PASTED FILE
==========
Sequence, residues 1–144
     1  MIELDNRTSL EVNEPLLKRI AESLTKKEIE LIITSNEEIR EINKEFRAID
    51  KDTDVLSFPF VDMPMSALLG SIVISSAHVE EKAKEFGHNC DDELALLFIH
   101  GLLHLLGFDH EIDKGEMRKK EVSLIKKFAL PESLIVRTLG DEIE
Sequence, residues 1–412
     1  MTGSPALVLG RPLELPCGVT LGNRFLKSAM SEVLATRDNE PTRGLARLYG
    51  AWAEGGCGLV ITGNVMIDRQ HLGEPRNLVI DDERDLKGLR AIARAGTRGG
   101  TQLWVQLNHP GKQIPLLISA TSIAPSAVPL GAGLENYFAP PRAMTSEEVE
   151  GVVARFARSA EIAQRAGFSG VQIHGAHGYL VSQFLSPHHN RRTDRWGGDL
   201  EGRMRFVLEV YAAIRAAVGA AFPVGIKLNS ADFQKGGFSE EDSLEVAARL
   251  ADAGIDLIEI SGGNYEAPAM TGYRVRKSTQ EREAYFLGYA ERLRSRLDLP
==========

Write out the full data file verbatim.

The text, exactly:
Sequence, residues 1–144
     1  MIELDNRTSL EVNEPLLKRI AESLTKKEIE LIITSNEEIR EINKEFRAID
    51  KDTDVLSFPF VDMPMSALLG SIVISSAHVE EKAKEFGHNC DDELALLFIH
   101  GLLHLLGFDH EIDKGEMRKK EVSLIKKFAL PESLIVRTLG DEIE
Sequence, residues 1–412
     1  MTGSPALVLG RPLELPCGVT LGNRFLKSAM SEVLATRDNE PTRGLARLYG
    51  AWAEGGCGLV ITGNVMIDRQ HLGEPRNLVI DDERDLKGLR AIARAGTRGG
   101  TQLWVQLNHP GKQIPLLISA TSIAPSAVPL GAGLENYFAP PRAMTSEEVE
   151  GVVARFARSA EIAQRAGFSG VQIHGAHGYL VSQFLSPHHN RRTDRWGGDL
   201  EGRMRFVLEV YAAIRAAVGA AFPVGIKLNS ADFQKGGFSE EDSLEVAARL
   251  ADAGIDLIEI SGGNYEAPAM TGYRVRKSTQ EREAYFLGYA ERLRSRLDLP